Issue 2, Semester 2
Although I am not usually someone with any real interest in competitive swimming, like many Australians I’ve spent the last few weeks enthralled by the ongoing developments rocking the sport on an international level.
For those not up to speed, the recent intrigue essentially arises from a growing angst among competitors and commentators concerning the adequacy of anti-doping measures, in light of serious allegations of illicit performance-enhancing drug use.
Things boiled over at the recent 2019 World Aquatics Championships in Gwangju, South Korea. First, Australian swimmer Mack Horton led a one-man stand in protest at what he appears to perceive as a lack of action by swimming regulator FINA. Horton has since been joined in protest by a number of other athletes from across the sport, fuelling a global spotlight on the issue.
Things became more complicated when it was revealed—in what appears to have been an unauthorised leaking of confidential material to the media by an as-yet unidentified source (FINA has denied that it was responsible)—that fellow Australian Shayna Jack had been sent home before the Championships as the result of testing positive for banned substances.
As with anything in the news, there has been a range of opinions expressed, with room for healthy disagreement about what all of this means for Jack, the Australian swim team, and the sport as a whole.
I was, however, particularly unhappy to see one news article emblazoned with the (now amended) headline ‘ASADA slaps Shayna Jack with maximum ban’ and captioned with: ‘ASADA hits Shayna Jack with maximum penalty for positive drug test.’ The impression any lay observer (for instance, someone scrolling through Facebook on their train home) might draw from this material is probably something along the lines that ASADA had made a decision to ban Jack from swimming—and for a very long time.
If one were to actually read the article however, it would become quite apparent that the truth is anything but. As explained by former ASADA CEO Richard Ings, the sending of a formal notification of a four-year ban by letter is standard practice for ASADA in all matters where positive substance tests have been returned.
“I wouldn’t draw any conclusion from the four-year ban,” Ings even went on to say. In other words, the letter is not representative of a decision on the part of ASADA to ban Shayna Jack. Both a guilty swimmer and an innocent one would receive the same letter at this stage of the process. Certainly, ASADA has yet to make any determination in relation to Jack’s test results and there is a real possibility (I can’t speculate as to how likely) that she will not actually receive the ban.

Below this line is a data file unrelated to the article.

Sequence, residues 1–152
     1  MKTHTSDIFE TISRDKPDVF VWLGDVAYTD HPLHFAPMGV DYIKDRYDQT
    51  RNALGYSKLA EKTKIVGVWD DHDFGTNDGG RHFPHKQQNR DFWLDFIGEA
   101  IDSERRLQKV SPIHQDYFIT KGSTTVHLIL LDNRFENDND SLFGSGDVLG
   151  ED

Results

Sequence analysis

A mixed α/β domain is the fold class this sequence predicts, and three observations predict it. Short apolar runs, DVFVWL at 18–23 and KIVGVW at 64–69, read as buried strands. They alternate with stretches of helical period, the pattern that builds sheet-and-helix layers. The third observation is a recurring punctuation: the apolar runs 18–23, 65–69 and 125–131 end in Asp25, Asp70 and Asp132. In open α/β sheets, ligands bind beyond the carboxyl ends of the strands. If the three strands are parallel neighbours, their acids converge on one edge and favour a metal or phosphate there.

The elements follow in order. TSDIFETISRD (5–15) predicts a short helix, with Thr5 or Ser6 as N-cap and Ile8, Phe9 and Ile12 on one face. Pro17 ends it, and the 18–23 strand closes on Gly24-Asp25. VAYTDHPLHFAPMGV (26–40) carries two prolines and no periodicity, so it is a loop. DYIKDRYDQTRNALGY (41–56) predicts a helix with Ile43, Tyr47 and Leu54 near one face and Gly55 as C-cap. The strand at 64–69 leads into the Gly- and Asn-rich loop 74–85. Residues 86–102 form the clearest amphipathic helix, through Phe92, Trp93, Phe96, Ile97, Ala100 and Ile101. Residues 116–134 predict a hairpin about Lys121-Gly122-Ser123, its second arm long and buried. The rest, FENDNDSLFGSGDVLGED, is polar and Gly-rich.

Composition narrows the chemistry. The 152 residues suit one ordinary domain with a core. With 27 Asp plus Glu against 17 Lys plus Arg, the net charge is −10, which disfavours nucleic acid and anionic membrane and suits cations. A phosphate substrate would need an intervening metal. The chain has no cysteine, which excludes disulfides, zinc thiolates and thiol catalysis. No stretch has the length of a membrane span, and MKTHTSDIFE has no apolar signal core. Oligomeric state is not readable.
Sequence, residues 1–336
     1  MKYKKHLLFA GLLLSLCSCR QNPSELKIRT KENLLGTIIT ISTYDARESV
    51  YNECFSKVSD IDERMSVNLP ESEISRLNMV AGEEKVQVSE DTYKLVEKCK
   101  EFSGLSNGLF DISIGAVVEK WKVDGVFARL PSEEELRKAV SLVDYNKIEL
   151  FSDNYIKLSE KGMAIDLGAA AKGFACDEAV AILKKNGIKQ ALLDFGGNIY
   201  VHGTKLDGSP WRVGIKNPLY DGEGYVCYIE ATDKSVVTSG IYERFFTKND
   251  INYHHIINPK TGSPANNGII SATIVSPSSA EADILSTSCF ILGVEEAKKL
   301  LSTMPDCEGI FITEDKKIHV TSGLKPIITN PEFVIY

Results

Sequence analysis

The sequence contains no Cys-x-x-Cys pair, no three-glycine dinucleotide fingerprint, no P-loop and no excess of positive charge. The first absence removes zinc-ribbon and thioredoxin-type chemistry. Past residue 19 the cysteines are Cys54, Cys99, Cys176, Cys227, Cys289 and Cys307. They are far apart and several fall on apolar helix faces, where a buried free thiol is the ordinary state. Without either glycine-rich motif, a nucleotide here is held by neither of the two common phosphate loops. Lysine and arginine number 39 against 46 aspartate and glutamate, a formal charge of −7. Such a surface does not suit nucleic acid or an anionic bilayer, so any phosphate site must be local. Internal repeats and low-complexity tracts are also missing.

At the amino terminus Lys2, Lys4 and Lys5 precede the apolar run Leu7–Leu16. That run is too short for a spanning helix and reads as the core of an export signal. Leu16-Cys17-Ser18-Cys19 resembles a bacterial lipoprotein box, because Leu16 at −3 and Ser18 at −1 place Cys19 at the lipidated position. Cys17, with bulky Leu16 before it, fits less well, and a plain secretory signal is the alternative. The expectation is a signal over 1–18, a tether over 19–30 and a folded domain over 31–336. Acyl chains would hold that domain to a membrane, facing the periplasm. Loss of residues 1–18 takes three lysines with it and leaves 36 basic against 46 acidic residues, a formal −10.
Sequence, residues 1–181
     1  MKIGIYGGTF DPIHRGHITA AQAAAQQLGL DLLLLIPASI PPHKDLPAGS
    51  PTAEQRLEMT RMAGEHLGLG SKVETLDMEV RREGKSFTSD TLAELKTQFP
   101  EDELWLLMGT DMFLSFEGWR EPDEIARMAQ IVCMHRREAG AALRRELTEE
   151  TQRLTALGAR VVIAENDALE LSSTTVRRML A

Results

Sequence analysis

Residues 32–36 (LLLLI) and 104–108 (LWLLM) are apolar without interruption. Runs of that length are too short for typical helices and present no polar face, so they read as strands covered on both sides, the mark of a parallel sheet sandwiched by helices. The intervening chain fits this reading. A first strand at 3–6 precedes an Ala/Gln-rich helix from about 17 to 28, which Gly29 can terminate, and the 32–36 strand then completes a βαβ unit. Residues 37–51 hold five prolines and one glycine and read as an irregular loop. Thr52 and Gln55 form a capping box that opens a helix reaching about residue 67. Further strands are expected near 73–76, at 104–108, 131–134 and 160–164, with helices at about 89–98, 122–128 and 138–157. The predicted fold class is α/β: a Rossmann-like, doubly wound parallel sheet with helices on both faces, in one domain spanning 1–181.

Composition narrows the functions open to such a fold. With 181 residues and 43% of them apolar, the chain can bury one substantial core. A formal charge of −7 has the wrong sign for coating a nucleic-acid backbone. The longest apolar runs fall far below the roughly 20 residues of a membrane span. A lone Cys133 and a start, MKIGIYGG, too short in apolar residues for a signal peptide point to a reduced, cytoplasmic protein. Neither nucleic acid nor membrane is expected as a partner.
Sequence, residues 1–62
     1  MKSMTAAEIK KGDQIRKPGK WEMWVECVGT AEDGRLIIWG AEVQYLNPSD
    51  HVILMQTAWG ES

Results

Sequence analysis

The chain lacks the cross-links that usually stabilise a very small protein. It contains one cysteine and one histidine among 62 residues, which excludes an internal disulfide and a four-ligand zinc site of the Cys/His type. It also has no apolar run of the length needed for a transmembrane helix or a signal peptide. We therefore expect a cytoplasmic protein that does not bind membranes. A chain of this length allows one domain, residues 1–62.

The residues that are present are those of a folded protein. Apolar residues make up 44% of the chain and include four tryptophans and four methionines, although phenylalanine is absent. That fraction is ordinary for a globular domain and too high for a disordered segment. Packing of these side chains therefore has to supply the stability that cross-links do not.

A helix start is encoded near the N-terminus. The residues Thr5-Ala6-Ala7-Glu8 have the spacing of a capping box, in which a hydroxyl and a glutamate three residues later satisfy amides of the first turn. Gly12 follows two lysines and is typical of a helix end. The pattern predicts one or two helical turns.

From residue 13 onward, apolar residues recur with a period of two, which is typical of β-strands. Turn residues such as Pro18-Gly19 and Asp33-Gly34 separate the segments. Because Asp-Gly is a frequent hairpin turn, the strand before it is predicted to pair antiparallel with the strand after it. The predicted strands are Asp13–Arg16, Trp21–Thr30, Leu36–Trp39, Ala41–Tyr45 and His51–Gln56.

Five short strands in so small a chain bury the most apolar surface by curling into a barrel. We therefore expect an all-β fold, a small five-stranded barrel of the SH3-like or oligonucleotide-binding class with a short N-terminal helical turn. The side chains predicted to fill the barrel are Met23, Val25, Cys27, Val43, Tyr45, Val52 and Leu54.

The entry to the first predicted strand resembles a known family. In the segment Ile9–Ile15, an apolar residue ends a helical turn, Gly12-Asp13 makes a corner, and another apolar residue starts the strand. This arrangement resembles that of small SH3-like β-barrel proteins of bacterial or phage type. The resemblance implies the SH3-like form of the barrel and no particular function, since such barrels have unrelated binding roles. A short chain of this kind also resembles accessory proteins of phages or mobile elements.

Yet it wasn’t just this one newspaper article; the same claim about ASADA ‘slapping’ Shayna Jack with a maximum ban was repeated on the TV news that evening. But why does any of this matter? Am I just getting offended about nothing?
Any high school graduate will know to take news reporting with a healthy dose of scepticism. Why then are we a society that often seems so quick to rush to judgment? If our legal system is predicated on a commitment to rational, evidence-based inquiry, why are we so willing to accept premature, and even illogical reasoning in our media?
This article’s lead claim that Shayna Jack is not a ‘drug cheat’ probably requires some further explanation. Obviously I am not a member of Jack’s defence team, nor am I privy to any information beyond that which has been made public. In time, I may even become convinced that Jack is guilty of doping. Nevertheless, here are some of my observations as a member of the public.
First, the facts—at least as they are presently known—do not support the assertion that Shayna Jack is a ‘drug cheat’. Instead, all that can be said is that Shayna Jack gave an A and a B sample for which positive test results for a banned substance were returned. Even if this is true, this isn’t the full story of Shayna Jack.
Second, Shayna Jack is entitled to be given the benefit of the doubt until the evidence suggests otherwise. Critically, Shayna maintains her innocence and has vowed to defend her reputation and clear her name. As a society of people seeking to live together in harmony, we have two choices:
Put yourself in Shayna’s shoes. Any smart person guilty of an allegation like this should realise that the truth will eventually come out. Which choice would you want others to make if you were her?
Finally, even if Shayna Jack did intentionally take a banned substance, we should hesitate to brand her a ‘drug cheat’. I don’t know Shayna, I can’t attest to her character, and nor can I say with any certainty that she is a good person. But Shayna Jack, like you, me, everyone at this law school and everyone we share the planet with, is a human being. That means something. We each possess an inherent dignity that deserves respect. Like all of us, she has no doubt achieved great highs and suffered terrible lows. Like all of us, she has hopes and dreams, secret ambitions, and people who love and care for her. To define Shayna by her mistakes is to deny the whole person that is Shayna Jack.
Xavier is a Second Year JD Student.